World Cup 2019 – Before it starts

As always in China, the day before the tournament is devoted to meeting the press, the sponsors and the fans.

This tournament is sponsored by … a company that builds and sells washing machines. Well, that attracted some derisive comments on social media, but why? I, for one, I’m happy to see a tournament supported by a sponsor that is not a bookie. Anyway…

Here are images shared mainly on weibo. Don’t be surprised to see Ding all over it: Wuxi is his home town, and of course, he’s (one of) the defending champion(s).

Ding looked particularly interested by the washing machines. With a young baby, I guess it makes sense 😉 😀

Tomorrow things start in earnest in Wuxi …

WorldCupWuxi

News from the snooker planet

There is no action on the main tour right now – it all starts again on Monday – but there is plenty of snooker played elsewhere.

Pankaj Advani became the 2019 Asian Snooker Champion. This win is highly significant for Pankaj and for Indian snooker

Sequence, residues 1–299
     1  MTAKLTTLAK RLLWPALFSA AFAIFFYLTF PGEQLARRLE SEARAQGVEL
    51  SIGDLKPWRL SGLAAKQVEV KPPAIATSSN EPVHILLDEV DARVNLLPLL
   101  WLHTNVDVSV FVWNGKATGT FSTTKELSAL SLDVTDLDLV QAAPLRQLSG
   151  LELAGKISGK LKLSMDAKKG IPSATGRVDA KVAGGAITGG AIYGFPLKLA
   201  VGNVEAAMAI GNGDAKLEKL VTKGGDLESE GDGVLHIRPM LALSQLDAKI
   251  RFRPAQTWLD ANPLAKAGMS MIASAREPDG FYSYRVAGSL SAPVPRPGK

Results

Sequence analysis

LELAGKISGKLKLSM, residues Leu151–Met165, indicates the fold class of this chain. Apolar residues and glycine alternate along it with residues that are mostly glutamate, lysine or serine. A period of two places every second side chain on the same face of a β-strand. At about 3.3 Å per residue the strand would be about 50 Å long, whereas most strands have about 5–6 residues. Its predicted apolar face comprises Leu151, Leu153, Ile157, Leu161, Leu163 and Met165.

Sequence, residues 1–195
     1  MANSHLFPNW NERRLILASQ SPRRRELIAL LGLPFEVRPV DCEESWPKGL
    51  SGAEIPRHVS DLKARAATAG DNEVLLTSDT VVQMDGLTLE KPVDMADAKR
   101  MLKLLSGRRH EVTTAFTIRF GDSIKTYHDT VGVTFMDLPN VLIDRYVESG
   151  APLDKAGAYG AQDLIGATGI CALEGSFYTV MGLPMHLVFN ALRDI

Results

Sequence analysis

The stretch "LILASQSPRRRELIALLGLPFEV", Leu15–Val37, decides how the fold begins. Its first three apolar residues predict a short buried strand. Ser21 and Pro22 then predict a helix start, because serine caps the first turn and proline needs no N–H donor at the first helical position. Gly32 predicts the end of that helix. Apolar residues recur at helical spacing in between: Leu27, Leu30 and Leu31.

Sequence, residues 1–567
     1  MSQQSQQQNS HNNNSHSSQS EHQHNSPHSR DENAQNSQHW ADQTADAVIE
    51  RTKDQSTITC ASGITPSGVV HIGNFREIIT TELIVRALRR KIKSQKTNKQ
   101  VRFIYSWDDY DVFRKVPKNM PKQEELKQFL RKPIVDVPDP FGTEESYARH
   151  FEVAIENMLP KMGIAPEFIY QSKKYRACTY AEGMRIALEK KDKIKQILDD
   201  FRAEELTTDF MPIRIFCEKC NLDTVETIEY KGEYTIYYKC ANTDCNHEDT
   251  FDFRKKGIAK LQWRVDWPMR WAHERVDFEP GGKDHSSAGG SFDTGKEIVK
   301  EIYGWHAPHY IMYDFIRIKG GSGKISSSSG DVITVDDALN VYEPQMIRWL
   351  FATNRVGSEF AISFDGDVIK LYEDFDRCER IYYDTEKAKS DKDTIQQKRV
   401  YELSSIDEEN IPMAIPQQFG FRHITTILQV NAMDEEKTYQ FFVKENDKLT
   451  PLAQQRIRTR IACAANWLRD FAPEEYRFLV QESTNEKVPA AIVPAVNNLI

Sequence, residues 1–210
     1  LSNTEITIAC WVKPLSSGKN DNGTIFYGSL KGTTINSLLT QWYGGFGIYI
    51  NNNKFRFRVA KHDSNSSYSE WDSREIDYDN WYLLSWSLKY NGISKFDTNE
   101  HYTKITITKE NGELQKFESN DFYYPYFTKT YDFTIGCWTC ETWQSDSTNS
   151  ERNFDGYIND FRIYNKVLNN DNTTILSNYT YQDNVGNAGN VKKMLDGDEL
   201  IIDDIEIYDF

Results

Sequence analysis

Asian Snooker Championship: Pankaj Advani wins to complete career grand slam in cue sports

New Delhi: India’s ace cueist Pankaj Advani on Friday (June 21) clinched the 35th men’s Asian Snooker Championship in Doha, Qatar, to complete a career grand slam in cue sports.

Advani conquered the ACBS Asian Snooker events — 6-red (short format) and 15-red (long format) — along with the IBSF World Championships in both formats too.

Having already accomplished it in Billiards, Pankaj had this elusive 15-red Asian Snooker title missing from his silverware collection.

Advani defeated Thanawat Tirapongpaiboon (Thailand) 6-3 in the final to become the only one to win the Asian and World championships in all formats.